Intel Xeon Phi x200 Knight’s Landing x86 Compatibility Test

Megalith

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Okay, so nobody is going to run Windows regularly on these 64-core beasts, but it’s cool to see that Intel’s claim of Knight’s Landing being capable of running legacy x86 code with little fuss was true. Thanks to Patriot for the link.

The run did not utilize any of the KNL features that give the platform its true power such as AVX512. That testing is coming. We did validate one of the major selling points of KNL. Code made to run on other Intel x86 architectures will work without modification on the new Intel Xeon Phi x200 (KNL) generation. The impact of this is enormous and is a key reason we saw so many KNL supercomputer system wins at SC16 this year. Applications can access a highly parallelized architecture without needing a co-processor. The Intel Xeon Phi x200 has direct access to the hex-channel system RAM as well as 16GB of high-bandwidth/ low latency MCDRAM without a performance penalty from traversing the PCIe bus.
 

pxc

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64 Airmont-based cores with 4 threads per core. OK. :p

As the guy explained in the video, that isn't the best test of the Xeon Phi's abilities, and I agree with atp1916 above that it's a cool demo.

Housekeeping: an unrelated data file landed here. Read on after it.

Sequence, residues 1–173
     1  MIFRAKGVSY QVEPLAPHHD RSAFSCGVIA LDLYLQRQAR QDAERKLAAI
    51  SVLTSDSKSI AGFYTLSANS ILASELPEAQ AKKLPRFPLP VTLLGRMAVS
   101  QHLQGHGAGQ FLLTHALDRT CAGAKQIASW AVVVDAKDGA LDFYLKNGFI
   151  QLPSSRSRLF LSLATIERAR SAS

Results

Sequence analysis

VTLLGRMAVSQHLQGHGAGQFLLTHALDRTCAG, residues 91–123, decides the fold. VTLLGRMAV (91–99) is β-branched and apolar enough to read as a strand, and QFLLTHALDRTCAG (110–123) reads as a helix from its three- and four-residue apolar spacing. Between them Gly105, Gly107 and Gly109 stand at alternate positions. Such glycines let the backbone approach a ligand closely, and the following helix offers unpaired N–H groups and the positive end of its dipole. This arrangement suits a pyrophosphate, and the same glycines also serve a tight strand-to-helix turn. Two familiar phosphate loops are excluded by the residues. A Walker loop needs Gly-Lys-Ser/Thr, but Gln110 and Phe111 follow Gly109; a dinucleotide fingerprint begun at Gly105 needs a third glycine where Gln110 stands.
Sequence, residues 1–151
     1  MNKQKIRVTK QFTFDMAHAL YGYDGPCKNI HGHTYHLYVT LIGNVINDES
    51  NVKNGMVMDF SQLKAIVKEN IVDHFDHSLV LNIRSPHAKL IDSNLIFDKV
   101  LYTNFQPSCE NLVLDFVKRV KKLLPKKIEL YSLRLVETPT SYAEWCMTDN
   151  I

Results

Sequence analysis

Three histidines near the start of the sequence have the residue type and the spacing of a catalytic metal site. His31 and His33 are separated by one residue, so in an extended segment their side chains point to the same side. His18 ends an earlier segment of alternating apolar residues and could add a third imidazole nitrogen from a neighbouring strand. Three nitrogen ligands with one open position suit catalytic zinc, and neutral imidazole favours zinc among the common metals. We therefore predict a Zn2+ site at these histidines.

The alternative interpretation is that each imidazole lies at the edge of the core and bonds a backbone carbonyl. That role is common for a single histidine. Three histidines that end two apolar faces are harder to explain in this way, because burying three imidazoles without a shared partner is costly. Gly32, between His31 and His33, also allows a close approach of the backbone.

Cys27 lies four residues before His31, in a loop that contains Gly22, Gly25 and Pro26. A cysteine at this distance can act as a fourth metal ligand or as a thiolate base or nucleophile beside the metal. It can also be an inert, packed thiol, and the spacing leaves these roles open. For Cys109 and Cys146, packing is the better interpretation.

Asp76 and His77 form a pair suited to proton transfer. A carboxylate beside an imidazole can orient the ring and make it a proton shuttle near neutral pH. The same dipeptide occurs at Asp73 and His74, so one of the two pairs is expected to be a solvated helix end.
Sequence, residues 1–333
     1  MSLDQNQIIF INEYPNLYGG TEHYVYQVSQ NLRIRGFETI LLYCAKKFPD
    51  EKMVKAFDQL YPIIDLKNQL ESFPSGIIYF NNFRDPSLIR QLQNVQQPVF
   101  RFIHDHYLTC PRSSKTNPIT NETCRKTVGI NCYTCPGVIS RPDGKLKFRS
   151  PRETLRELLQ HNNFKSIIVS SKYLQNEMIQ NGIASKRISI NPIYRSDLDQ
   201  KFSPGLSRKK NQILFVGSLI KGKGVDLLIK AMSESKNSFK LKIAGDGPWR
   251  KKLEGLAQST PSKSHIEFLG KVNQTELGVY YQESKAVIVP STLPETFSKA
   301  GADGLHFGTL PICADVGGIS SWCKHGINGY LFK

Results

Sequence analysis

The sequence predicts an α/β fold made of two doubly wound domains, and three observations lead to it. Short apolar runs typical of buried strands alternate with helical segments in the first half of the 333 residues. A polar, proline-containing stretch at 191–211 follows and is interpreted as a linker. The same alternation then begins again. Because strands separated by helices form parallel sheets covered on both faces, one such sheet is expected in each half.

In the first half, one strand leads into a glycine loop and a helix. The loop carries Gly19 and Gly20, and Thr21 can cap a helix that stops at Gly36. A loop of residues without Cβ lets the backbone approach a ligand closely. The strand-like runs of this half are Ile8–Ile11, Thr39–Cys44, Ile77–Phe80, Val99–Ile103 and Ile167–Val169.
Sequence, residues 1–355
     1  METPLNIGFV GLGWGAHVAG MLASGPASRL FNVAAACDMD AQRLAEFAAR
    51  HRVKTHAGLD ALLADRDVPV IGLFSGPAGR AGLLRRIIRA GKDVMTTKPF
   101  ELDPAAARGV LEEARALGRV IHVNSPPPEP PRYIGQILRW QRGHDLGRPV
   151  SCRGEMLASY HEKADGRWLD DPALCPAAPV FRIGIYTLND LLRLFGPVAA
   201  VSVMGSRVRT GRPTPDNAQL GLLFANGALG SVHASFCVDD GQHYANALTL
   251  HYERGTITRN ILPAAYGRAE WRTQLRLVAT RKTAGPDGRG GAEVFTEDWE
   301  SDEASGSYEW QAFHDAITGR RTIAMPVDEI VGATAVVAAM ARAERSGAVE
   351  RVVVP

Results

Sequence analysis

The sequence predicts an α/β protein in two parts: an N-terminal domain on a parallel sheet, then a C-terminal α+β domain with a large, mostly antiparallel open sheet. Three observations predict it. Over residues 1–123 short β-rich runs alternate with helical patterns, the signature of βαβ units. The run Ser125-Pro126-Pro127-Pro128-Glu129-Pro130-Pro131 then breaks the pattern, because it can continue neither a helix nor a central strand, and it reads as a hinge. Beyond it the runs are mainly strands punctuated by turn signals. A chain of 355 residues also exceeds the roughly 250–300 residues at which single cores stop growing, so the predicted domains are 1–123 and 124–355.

Zarathustra[H]

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I wonder what type of loads benefit from four threads per core...

Especially on weak-ass Atom-type cores.

I mean, I know there's lots of them, but still...
 

pxc

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I wonder what type of loads benefit from four threads per core...

Especially on weak-ass Atom-type cores.

I mean, I know there's lots of them, but still...
That's how GPU-type cores are made, in order to maximize utilization. The purpose of SMT, both on GPUs and CPUs, it is to hide memory access latency by switching to another thread while it waits for the memory load to complete and become available, or other pipeline stalls. I'm not sure how efficiently Intel's context switching is, but in AMD and Nvidia GPUs, at least while working on a single wavefront or warp (name for the unit of work typically comprising of up to many thousands of threads for AMD and Nvidia GPUs, respectively), it's essentially free to switch out a stalled thread and work on another that is ready.

As "weak" as those Atom cores are at running full x86 code, they're far faster per core than Nvidia's or AMD's streaming processors for that style of code (essentially semi-random read patterns, branchy code). Those two examples are things that kill performance on classic GPGPU style programming, and compared to using optimized AVX-512 code on the multiple SIMD units per core on that Xeon Phi, it also kills its performance. :p That Cinebench demo is not a typical task for a GPU, but it does show how flexible each core is in running general code fairly efficiently.
 
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